Virginia (Loudoun County), Leesburg — Loudoun County Court SquareWartime in Leesburg
Before the war, the courthouse square was the location of slave auctions and militia recruiting activities. On October 21, 1861, after the Battle of Ball's Bluff, more than 500 Union prisoners, including Col. Milton Cogswell, 42nd New York Infantry, were brought here, taunted, and marched off to Richmond. The Confederates evacuated Leesburg on March 7, 1862. The next morning, Union Gen. John W. Geary and his men marched in from Waterford as the townspeople glared. Northern reporter Henry . . . — Map (db m63738) HM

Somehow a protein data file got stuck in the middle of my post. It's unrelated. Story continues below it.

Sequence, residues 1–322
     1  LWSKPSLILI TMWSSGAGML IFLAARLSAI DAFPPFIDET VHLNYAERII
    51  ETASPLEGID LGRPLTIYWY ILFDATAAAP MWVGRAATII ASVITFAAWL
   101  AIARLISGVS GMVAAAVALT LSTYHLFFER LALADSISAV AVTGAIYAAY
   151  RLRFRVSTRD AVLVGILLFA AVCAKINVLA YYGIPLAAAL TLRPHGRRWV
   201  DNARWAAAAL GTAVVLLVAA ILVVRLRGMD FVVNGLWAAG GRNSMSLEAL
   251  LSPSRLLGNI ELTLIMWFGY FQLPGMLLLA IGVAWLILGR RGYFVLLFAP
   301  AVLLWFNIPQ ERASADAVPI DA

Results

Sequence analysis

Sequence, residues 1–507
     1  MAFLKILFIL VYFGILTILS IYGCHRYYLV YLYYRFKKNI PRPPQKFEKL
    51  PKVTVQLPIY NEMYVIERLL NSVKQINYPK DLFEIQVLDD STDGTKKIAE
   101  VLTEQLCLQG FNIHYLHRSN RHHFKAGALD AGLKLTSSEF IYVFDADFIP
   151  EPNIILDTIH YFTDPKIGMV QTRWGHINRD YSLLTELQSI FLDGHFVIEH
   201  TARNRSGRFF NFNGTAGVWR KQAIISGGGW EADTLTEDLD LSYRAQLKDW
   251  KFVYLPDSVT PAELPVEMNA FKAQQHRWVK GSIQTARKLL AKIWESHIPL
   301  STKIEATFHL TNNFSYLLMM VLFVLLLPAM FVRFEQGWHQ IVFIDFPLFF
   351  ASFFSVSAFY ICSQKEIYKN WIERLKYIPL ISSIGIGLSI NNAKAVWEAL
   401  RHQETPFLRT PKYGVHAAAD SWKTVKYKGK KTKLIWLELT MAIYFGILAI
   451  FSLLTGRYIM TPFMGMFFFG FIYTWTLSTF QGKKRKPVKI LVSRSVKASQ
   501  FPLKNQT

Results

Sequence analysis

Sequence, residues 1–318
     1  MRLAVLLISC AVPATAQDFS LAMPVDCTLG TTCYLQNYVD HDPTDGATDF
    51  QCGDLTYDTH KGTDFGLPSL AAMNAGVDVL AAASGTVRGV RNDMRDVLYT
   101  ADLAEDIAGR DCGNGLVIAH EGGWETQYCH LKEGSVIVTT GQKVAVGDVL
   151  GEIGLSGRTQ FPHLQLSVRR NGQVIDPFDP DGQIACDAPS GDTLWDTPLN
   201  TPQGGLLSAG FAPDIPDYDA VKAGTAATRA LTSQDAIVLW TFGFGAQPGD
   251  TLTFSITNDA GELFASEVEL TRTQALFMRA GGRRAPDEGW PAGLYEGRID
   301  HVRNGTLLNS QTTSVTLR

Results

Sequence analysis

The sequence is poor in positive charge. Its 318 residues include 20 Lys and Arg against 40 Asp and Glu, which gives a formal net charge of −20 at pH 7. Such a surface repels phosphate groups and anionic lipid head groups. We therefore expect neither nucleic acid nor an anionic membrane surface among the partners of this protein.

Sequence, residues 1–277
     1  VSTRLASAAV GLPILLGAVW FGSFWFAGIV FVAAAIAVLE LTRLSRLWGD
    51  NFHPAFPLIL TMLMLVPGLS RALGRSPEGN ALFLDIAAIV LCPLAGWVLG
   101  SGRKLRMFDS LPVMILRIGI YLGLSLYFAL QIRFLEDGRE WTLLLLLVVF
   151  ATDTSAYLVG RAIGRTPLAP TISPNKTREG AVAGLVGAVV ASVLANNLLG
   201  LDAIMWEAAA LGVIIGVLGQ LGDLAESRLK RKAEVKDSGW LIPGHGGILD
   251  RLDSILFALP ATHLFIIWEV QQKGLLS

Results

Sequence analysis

Virginia (Loudoun County), Leesburg — F-28 — Loudoun County Courthouse
The Loudoun County Courthouse, first occupied in 1895, is the third on this site, which was designated for that use on the 1759 plat of Leesburg. On 12 Aug. 1776, the Declaration of Independence was read from the doorway of the first courthouse. The second was built of brick in the Federal style about 1811. The Marquis de Lafayette, on his grand tour of the United States, was entertained here on 9 Aug. 1825. President John Quincy Adams and former president James Monroe, who then lived near . . . — Map (db m876) HM
Virginia (Loudoun County), Leesburg — McKimmey's Mill